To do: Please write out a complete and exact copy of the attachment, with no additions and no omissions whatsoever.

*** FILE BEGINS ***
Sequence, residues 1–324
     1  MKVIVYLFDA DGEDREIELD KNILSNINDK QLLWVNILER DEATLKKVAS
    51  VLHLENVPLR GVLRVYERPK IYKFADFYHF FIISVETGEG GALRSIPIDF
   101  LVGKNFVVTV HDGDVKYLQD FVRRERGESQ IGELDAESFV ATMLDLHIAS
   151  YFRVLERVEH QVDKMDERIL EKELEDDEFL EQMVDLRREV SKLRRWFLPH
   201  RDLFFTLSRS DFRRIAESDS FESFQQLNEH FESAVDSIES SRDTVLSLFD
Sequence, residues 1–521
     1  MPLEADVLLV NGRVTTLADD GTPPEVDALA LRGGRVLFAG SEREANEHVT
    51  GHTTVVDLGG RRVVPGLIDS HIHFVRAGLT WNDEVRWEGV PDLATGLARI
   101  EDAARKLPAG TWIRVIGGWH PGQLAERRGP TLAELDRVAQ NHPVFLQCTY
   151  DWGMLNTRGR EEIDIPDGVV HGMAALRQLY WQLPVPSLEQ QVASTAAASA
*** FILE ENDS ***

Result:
Sequence, residues 1–324
     1  MKVIVYLFDA DGEDREIELD KNILSNINDK QLLWVNILER DEATLKKVAS
    51  VLHLENVPLR GVLRVYERPK IYKFADFYHF FIISVETGEG GALRSIPIDF
   101  LVGKNFVVTV HDGDVKYLQD FVRRERGESQ IGELDAESFV ATMLDLHIAS
   151  YFRVLERVEH QVDKMDERIL EKELEDDEFL EQMVDLRREV SKLRRWFLPH
   201  RDLFFTLSRS DFRRIAESDS FESFQQLNEH FESAVDSIES SRDTVLSLFD
Sequence, residues 1–521
     1  MPLEADVLLV NGRVTTLADD GTPPEVDALA LRGGRVLFAG SEREANEHVT
    51  GHTTVVDLGG RRVVPGLIDS HIHFVRAGLT WNDEVRWEGV PDLATGLARI
   101  EDAARKLPAG TWIRVIGGWH PGQLAERRGP TLAELDRVAQ NHPVFLQCTY
   151  DWGMLNTRGR EEIDIPDGVV HGMAALRQLY WQLPVPSLEQ QVASTAAASA